From Pong to Xbox: Exhibit explores our fixation with sports video gaming
Breanna Suk plugs in an old Nintendo gaming system and is instantly transported back in time.
“I remember getting to learn how to play hockey on NHL 95 with my brother in the basement,” recalls the collections and exhibit co-ordinator at the Alberta Sports Hall of Fame and Museum in Red Deer.
Suk, 28, has taken those memories and loaded them into a new exhibit called “The Games We Play.”
Visitors will “come in and be greeted by the gaming consoles they grew up with,” she said.
Suk admits it’s an unusual offering for the 60-year-old institution.
“Typically our exhibits are very old sports teams, featured athletes, old sports equipment,” she said.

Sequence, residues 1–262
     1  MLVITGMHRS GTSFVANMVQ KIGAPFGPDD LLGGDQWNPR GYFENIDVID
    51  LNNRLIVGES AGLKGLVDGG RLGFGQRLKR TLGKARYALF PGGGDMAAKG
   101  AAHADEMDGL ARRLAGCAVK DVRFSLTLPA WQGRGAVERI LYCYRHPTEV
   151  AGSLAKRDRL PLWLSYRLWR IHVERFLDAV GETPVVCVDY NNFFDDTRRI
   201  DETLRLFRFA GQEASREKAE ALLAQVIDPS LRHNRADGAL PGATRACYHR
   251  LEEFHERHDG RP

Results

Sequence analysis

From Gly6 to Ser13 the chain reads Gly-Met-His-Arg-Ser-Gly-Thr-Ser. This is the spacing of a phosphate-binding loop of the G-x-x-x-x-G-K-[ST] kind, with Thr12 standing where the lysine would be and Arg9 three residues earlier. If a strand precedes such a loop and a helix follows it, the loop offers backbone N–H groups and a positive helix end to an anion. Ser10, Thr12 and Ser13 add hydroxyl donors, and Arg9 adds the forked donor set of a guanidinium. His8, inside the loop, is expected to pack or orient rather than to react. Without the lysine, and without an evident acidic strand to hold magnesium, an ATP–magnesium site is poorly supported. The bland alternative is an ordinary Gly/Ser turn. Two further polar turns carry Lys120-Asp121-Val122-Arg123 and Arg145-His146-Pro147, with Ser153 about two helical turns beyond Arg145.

But the premise of the exhibit was to tap into a new facet of the fan experience.
“It’s gone from something you played to virtual reality, physically joining your favourite players,” she said.
“The grandkids love the video games,” said Lyn Radford.
The 62-year-old admits she’s not a gamer herself, but she’s toured the museum and marvelled at the way the younger generation connects with athletes through the console.
Radford is expecting the exhibit to drive a lot of visitors to the museum especially during the 2019 Canada Winter Games being hosted in the community from Feb.15 to March 3.
The grandmother is also the chair of the games committee.
“We have our own airport that people can fly into, but we also two international airports within an hour-and-a-half driving distance of Red Deer,” Radford said. “It makes it a very good event site.”
As for Suk, she’s content with getting her hands on the consoles that take her back sitting on the orange carpet, controller in hand, craning her neck up at the screen that was her first window into sport.